Katabasis, I am humbled and genuinely grateful that you would take the time and energy to respond to my ideas like this. Thank you.
It should be clear that I disagree strongly with your ideas but I can at least credit you with being open-minded enough to discuss them.
Scientists who have tenure and published books on the line are not always the first to take bold imaginative leaps. And yet, in order for science to move forward, bold imaginative leaps are required.
While it's true that the most impactful scientists have not always been tenured professors with a long publishing history, they have been
, without exception, absolute experts in their field. Which is to say, they have been intimately familiar with all aspects of the science they are studying. The idea that bold, imaginative leaps in the state of science strike with sudden, out-of-nowhere inspiration does a disservice to the other factor - the years upon years of excruciatingly extensive learning and research that create the environment of knowledge necessary for ideas to coalesce into bold leaps. Seeing your misunderstanding of certain concepts makes me thing you have not developed the necessary background to do any leaping. It's possible to disagree with the established science, but your explanation of an alternative should display a deep understanding of what you are disagreeing with.
We have not yet tied everything together. Let's try. If this is a holographic universe, should we treat the frame of reference as zero? Shouldn't the frame of reference in a holographic universe be the speed of light?
If the frame of reference itself is the speed of light, then the perception of light's speed changes.
Can you clarify what you mean by frame of reference? That term has a very specific meaning in physics, namely the set of things that you keep constant (i.e. spatial coordinates, certain types of measurement) in order to standardize the observation of other things which are allowed to vary.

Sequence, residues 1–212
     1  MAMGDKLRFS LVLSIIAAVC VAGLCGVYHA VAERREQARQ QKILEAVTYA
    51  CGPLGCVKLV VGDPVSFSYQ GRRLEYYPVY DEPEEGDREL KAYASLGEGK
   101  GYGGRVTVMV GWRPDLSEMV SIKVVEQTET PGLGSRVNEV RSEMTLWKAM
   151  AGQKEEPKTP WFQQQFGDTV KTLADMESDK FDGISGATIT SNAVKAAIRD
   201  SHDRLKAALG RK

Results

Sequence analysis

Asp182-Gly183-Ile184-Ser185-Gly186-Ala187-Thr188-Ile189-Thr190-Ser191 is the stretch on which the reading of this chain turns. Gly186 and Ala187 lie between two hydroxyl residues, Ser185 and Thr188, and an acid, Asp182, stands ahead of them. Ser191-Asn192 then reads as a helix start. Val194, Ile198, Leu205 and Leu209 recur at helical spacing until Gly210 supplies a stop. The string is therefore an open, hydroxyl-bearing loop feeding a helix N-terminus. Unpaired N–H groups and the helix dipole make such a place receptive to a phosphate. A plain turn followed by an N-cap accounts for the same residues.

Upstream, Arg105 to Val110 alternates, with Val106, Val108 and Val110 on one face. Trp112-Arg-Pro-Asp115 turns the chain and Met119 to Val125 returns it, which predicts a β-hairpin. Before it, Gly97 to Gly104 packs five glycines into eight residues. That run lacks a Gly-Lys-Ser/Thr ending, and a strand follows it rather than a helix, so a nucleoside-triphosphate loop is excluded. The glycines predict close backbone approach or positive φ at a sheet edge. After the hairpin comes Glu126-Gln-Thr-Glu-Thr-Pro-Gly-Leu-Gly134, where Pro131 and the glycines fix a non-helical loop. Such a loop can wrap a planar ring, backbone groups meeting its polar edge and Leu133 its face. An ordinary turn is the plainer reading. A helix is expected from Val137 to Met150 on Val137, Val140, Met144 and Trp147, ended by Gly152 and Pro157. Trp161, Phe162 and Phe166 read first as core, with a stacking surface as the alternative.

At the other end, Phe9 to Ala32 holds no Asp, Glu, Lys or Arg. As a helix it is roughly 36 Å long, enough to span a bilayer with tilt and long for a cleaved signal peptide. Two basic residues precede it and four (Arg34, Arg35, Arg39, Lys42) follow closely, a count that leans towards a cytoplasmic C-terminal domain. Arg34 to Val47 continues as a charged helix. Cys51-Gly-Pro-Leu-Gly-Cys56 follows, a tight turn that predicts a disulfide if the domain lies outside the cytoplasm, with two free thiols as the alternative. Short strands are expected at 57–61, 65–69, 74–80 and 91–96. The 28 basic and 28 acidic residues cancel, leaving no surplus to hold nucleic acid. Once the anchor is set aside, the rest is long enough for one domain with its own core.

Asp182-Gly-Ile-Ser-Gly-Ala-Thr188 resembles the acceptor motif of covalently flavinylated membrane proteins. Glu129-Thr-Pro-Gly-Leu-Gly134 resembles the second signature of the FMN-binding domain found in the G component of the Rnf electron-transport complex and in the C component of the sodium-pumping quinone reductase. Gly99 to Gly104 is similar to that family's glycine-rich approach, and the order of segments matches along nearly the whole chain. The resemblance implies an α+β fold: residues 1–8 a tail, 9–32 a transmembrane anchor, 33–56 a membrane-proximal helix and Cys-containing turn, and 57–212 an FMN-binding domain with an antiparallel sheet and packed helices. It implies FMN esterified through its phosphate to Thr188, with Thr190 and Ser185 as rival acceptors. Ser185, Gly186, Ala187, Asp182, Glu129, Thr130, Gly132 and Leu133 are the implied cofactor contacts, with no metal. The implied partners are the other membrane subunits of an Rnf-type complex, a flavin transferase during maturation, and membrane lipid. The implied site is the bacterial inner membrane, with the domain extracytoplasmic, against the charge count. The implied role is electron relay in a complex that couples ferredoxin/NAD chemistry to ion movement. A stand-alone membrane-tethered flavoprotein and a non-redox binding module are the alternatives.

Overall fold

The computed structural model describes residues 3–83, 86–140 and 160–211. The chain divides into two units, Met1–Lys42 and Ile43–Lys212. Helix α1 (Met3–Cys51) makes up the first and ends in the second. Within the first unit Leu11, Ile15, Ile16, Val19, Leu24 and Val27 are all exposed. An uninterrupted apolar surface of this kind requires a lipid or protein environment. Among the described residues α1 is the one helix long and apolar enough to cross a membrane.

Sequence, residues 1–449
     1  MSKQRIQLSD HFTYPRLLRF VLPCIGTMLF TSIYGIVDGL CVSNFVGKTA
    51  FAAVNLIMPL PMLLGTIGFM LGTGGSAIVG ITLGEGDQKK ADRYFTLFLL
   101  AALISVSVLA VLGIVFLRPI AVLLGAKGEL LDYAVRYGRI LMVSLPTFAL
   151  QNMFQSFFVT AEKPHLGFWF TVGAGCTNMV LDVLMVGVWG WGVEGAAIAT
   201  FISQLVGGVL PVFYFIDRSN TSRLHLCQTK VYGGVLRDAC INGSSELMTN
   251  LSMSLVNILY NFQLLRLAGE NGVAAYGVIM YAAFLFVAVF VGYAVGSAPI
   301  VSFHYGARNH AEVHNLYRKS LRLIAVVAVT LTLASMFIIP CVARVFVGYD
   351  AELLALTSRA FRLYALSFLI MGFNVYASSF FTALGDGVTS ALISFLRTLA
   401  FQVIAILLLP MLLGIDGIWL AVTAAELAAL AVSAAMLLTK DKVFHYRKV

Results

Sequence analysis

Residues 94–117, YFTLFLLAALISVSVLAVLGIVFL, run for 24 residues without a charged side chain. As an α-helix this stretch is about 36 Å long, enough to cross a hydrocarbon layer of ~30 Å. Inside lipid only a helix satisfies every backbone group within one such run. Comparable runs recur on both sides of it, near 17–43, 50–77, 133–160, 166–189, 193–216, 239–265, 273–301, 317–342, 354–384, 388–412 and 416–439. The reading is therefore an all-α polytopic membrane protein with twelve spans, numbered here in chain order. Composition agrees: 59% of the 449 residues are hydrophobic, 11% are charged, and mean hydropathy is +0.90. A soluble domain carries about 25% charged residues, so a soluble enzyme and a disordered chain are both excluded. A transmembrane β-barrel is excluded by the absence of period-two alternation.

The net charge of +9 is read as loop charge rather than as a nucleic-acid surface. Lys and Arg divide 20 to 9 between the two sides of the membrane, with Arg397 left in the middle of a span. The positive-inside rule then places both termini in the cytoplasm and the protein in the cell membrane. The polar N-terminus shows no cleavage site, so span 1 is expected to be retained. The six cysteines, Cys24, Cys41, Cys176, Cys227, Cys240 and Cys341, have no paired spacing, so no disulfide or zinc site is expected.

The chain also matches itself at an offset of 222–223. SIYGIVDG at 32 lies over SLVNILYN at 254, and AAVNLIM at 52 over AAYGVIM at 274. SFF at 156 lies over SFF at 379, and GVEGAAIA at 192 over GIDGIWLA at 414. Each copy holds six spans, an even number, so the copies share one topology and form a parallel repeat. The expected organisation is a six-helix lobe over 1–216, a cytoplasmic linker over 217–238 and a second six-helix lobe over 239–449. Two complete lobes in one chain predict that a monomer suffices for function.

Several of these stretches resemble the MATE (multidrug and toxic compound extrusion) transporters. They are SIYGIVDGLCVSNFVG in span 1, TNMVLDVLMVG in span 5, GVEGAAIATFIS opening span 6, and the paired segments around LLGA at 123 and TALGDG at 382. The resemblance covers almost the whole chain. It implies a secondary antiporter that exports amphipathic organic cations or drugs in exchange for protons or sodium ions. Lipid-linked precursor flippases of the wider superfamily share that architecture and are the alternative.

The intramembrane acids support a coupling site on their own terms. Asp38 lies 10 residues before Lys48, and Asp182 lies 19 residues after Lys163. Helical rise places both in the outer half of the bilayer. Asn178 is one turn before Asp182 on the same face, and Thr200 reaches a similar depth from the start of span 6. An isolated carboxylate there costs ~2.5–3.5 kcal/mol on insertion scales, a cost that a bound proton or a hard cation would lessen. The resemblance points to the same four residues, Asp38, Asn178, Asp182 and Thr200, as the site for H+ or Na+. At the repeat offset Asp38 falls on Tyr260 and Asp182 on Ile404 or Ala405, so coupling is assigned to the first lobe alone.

So to say the frame of reference is the speed of light is to imply that the speed of light should be held constant (very reasonable, since all empirical evidence suggests the speed of light is in fact constant). But then you go on to say that the perception of the speed of light changes, which isn't the case. Whenever we observe light, it always appears to be travelling at 3x10^8 m/s. If you want to claim otherwise, where is your evidence for such a claim?
In physics, we say that the information of the universe can be written on a 2D surface
. Is this 2D surface acting as an optical barrier, a boundary—the speed of light—that we can see from one side, or the other, but not from both simultaneously?
I couldn't think of a better example of you misunderstanding a basic concept. You ask whether the 2D surface implied in the holographic principle might act as a boundary that can be seen from one side of the other. But saying there is 'one side or the other' to the surface implies a 3rd dimension. If there are only 2 dimensions, there are no sides of a surface, just the surface itself. This is highly unintuitive to people living in 3 apparent dimensions, who have not done the requisite work of understanding and visualizing higher and lower dimensions, and further proof to the idea that you need a robust background in the science to be able to avoid the mistakes that intuition will make for these concepts.
In the gas giants, we see the explosion, not the [dark] matter at its core. In the rocky planets, we see the precipitate of the explosion, not the [dark] energy that surrounds it. We don’t realize that we’re observing the same light—the same “aquarium
” in the words of physicist David Bohm—from different sides of time. Different sides of light’s speed.
I don't think enough is known about dark matter and dark energy to be making these sorts of claims about them. What evidence do you have that dark matter, say, is present in the places you claim? Also, in what sense do gas giants explode (do you mean red giants)? And again, there's no evidence of either dark matter or dark energy altering the speed of light, that I'm aware of. Nor is there much reason to think that they even could do so - as dark matter appears to influence things via gravity alone, and dark energy by the expansion (warping) of space. Both gravity and spacetime warping occur in other circumstances as well, and the speed of light still remains unchanged.
What I’m talking about is an idea that has been discussed by Plato and Descartes in the old age, and Nick Bostrom and Donald Hoffman in the new one. It is the world as image. If, moment by moment, the world is being created, then the body is being created, too. The idea that the body is static matter is an illusion. To speak of the planets as balls of matter in a sea of air is illusion. I respect and love Newton, too. His laws are not "invalid;" they simply deal with matter, and I am suggesting—along with everyone else at the vanguard of physics and cognitive science—that matter is not fundamental.